In the wake of the Cohen case, the RCA issued a clarification several weeks ago. “The RCA takes no official position as an organization on the issue of whether or not brain-stem death meets the halachic criteria of death,” the organizations said in a statement. “Many halachic authorities of our day, including Rav Hershel Schachter, Rav Mordechai Willig, Rav J. David Bleich and others maintain that brain-stem death does not satisfy the halachic criteria for the determination of death. It is also true, however, that many other halachic authorities, including Rav Gedalia Schwartz, Rav Moshe Tendler, and the Chief Rabbinate of Israel maintain that brain-stem death does qualify for the determination of death in Jewish law.”
The London Beit Din, headed by UK Chief Rabbi Jonathan Sacks, qualified its view, saying that “despite a view that brain-stem death is an acceptable Halakhic criterion in the determination of death, the considered opinion of the London Beth Din is that in Halakha cardio-respiratory death is definitive. At this point, since the National Registry system is not set up to accommodate Halakhic requirements, donor cards, even those purporting to be Halakhic, are unacceptable.”
In response to the RCA position, Rabbi Tendler was quoted as saying that the new RCA report was “written with an agenda, which was to confuse the issue and push the point that brain death is not acceptable, despite the fact that the Chief Rabbinate approved it and Reb [Moshe] Feinstein approved it.” As a result, he said, doctors might begin banning Orthodox Jews from receiving transplants, because of their adoption of a philosophy that bans them from contributing to the “organ pool.” The decision, Rabbi Tendler said, displayed a “stupidity that comes from people who don’t have the slightest idea of medical protocols. … it is an opinion that has to be rejected as anti-Jewish; it is an act of anti-Semitism.”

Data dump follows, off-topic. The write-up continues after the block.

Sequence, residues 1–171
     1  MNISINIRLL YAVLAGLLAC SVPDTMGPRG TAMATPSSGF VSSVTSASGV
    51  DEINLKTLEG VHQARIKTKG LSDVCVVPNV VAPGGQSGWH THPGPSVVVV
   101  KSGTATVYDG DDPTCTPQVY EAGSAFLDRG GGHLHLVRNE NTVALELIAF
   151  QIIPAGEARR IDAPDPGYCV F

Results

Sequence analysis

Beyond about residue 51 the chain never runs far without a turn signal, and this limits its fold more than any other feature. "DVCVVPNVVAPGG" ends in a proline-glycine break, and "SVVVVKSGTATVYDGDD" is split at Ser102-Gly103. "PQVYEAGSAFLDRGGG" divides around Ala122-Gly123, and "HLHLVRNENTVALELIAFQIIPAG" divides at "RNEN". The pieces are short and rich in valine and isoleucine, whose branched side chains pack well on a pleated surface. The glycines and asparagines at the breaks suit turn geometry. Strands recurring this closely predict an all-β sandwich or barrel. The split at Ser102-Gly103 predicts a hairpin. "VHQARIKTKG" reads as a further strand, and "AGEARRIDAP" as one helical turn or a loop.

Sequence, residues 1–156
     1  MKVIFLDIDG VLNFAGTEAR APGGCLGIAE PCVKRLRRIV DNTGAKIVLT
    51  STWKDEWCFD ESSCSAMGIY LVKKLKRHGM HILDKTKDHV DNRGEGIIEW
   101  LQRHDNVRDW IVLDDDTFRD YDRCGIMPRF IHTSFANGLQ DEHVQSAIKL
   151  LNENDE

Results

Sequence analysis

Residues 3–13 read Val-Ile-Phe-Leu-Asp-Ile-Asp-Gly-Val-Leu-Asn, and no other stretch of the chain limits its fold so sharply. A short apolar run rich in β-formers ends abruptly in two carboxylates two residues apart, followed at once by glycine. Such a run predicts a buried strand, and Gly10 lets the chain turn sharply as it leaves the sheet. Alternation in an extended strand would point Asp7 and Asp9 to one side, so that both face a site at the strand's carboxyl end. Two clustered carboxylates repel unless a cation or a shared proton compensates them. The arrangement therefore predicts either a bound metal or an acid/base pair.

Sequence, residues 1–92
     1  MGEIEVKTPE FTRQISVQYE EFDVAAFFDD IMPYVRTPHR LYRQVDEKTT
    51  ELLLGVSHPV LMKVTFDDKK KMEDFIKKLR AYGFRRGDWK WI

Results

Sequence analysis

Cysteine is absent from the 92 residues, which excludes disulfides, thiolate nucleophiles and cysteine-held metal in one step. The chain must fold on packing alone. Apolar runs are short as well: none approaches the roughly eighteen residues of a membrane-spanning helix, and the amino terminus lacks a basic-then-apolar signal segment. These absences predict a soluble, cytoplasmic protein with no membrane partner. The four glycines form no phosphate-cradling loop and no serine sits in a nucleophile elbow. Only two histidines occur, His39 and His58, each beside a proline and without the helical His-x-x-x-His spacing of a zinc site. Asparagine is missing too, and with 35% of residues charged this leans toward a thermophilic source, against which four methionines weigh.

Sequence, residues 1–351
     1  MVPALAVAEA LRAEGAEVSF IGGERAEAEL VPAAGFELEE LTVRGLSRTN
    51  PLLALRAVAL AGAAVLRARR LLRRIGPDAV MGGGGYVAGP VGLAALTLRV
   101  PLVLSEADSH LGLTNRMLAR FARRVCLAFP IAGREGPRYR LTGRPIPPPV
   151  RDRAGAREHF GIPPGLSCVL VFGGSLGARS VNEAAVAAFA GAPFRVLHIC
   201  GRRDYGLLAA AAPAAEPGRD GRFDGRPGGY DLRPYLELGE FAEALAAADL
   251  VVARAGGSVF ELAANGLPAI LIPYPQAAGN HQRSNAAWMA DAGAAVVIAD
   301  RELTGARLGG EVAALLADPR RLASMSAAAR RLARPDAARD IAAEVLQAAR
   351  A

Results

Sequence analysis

For his part, Rabbi Eitan Eisman, head of the Noam school system in Israel and former director of the office of the late Rabbi Avraham Shapira, who was Chief Ashkenazic Rabbi between 1983 and 1993 and Rosh Yeshiva of Mercaz Harav, cannot understand what the fuss is all about. “This is not a new issue, and the Chief Rabbinate said many years ago that brain death was a sufficient criteria for declaring when a person has passed away. No one of them has changed his mind, and as far as I know there has been no new groundbreaking research in this area.”
The late Rabbi Shapira and Rabbi Mordechai Eliyahu, as well as eminent halakhic sage, the late Rabbi Shaul Yisraeli, were on the committee and backed the decision. They mandated an objective religious doctor or rabbi be present at the patient's side when the decision is made.
As director of Rabbi Shapira's office, Rabbi Eisman said, he was intimately familiar with many of the cases and questions on organ transplants that came up during the tenure of Rabbi Shapira as Chief Rabbi, and that the issues were clear then as well. “Rabbi Shapira, and all the chief rabbis and the rabbinate, accepted brain death as the proper criteria. Other rabbis, like Rav Elyashiv, did not accept it, and this was well-known then as well.” He recalled Rabbi Shapira making the decision and immediately contacting the medical profession, explaining that every minute's delay might cause someone awaiting a transplant to die.
He personally witnessed a number of instances, he said, in which Rabbi Elyashiv and Rabbi Shlomo Zalman Auerbach, another Hareidi decisor who opposed the brain-death criteria, referred questions to the Chief Rabbi's office. “They did not want to rule on the matter themselves, so they sent the question on to us, knowing what the answer would be.” In this way, he said, many lives were saved, due to the organs that were donated by families whose members had suffered brain-death.
Regarding membership in Adi, the organization that encourages individuals to pledge their organs after death, and similar efforts to encourage organ donations, Rabbi Eisman says that “as long as the criteria do not contradict halakha, there is no reason not to be involved in these efforts.”